June 1999

Emilie Eklin Khair
Passion's Piano: The Eddie Heywood Story

This account of a musician's career is unusual in that it is primarily told by his widow, who, as Butch Thompson notes on the cover, “pulls no punches.” There are a lot of intimate scenes, romantic and domestic, but the extraordinary aspects of Eddie Heywood's musicmaking are seen from the same novel viewpoint. After the great triumph of his “Begin the Beguine,” fate struck a terrorizing blow when the pianist suffered paralysis of his hands. He followed Cole Porter's advice and took to composing—with enormous success—as he overcame his disability to some degree. A two-page listing of his published music includes such big hits as “Canadian Sunset,” “Soft Summer Breeze” and “Land of Dreams.” Records with Billie Holiday, Ella Fitzgerald, Big Crosby and the Andrews Sisters resulted from the fame secured by his 1943 sextet. One piece of information about his early days in Texas is that he played with Boots and His Buddies before joining the Clarence Love band in 1932.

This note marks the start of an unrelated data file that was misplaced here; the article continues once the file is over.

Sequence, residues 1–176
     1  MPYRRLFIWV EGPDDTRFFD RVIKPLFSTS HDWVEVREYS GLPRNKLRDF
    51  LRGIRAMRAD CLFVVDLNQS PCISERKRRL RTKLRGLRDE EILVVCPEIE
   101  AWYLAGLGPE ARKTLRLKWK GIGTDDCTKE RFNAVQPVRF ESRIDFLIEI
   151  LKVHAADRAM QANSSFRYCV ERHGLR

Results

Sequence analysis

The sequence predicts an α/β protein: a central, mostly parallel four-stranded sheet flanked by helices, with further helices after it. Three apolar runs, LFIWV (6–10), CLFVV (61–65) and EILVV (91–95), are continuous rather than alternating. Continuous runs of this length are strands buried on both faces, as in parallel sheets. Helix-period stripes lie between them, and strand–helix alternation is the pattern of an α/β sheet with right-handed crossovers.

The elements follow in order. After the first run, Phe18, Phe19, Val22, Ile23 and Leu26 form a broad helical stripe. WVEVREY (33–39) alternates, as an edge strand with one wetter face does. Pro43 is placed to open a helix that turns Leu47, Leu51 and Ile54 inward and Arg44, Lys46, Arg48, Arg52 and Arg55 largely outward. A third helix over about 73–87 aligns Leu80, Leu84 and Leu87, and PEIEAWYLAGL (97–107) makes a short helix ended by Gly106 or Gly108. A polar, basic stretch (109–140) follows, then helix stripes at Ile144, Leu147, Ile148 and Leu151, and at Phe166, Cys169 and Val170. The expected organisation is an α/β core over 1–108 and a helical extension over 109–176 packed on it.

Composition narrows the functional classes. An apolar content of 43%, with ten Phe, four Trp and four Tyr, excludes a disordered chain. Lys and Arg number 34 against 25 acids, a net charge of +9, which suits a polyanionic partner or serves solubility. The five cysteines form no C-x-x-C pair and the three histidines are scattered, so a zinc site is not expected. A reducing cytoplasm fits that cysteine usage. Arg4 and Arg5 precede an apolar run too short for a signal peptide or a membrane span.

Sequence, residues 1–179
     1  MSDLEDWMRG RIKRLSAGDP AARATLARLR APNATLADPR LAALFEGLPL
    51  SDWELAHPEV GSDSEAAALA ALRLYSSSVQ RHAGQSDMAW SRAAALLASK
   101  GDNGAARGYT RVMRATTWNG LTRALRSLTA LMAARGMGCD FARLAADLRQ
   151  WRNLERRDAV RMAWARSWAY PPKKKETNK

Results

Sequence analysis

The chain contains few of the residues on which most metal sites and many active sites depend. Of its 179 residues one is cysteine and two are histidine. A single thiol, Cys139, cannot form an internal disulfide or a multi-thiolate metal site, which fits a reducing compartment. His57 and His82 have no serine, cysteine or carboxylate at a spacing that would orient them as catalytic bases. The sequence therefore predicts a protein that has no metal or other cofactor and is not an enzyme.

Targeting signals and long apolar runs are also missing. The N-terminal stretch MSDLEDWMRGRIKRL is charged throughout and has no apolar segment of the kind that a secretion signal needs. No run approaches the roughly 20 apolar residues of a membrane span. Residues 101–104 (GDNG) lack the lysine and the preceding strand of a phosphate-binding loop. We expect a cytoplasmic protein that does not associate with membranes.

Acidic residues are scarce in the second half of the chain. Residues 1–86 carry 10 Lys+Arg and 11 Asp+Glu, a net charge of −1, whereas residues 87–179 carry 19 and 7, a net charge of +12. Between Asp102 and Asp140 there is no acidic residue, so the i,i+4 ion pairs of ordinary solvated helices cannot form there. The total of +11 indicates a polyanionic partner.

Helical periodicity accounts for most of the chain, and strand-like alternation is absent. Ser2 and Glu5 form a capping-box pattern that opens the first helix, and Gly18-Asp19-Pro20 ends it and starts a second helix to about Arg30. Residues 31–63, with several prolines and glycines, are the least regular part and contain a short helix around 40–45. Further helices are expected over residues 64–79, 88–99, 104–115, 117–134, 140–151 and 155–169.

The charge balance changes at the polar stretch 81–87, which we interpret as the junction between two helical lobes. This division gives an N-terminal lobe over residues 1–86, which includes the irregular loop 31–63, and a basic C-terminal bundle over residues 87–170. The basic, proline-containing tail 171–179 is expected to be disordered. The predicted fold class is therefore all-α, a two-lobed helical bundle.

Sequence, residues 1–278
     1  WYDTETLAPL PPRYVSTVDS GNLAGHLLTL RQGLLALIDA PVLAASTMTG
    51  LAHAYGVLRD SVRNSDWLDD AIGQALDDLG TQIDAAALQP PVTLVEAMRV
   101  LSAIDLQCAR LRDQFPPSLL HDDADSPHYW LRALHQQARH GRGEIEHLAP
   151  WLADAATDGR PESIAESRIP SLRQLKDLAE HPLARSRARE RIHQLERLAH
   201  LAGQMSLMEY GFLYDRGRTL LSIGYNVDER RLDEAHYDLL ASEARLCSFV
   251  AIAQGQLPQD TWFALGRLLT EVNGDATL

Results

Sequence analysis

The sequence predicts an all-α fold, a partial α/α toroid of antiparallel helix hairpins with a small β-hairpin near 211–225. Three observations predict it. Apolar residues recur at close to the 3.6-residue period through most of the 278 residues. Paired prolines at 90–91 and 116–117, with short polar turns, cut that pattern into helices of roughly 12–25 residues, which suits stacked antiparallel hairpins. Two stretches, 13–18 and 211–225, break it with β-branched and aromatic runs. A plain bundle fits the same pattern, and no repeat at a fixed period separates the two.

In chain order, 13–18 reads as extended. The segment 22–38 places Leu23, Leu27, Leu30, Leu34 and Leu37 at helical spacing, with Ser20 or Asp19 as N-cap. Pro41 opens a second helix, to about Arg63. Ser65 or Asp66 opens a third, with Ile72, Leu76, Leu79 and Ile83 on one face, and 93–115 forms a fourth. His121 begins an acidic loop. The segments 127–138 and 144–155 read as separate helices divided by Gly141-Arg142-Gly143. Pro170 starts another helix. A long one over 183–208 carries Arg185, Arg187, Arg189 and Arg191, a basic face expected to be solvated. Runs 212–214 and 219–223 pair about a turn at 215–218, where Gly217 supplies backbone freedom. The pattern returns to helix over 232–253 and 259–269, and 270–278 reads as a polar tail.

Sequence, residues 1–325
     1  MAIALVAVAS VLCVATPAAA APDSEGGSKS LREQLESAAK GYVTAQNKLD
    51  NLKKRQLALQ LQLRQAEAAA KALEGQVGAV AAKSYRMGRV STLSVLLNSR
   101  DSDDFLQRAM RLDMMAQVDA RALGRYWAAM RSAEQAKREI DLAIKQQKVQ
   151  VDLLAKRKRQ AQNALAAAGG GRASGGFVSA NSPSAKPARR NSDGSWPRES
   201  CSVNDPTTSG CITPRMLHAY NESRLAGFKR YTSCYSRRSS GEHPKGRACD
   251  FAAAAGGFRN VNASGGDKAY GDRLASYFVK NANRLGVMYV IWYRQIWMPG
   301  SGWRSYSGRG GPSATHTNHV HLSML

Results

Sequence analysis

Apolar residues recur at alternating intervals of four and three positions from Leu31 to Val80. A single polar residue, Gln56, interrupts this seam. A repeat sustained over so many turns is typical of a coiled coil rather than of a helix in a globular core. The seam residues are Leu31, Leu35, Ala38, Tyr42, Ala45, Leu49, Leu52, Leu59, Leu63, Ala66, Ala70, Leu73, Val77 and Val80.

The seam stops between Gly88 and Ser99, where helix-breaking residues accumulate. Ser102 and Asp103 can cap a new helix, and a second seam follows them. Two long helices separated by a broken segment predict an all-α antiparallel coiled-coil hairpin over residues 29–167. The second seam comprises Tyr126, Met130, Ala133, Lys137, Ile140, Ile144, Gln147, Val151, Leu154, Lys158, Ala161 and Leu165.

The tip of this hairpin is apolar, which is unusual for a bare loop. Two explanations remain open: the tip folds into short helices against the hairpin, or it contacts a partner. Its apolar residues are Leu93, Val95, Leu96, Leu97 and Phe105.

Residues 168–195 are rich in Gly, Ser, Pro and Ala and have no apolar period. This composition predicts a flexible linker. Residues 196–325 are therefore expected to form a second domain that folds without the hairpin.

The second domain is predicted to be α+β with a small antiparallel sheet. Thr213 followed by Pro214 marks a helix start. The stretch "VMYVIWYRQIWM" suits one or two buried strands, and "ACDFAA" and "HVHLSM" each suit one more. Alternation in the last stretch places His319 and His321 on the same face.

The book (in 8” x 11” format) is lavishly illustrated with photographs from his scrapbooks. A different shot of the pianistic conclave at The Embers between Heywood, Teddy Wilson, Erroll Garner and Earl Hines shows the Fatha apparently cracking one of his famous jokes.

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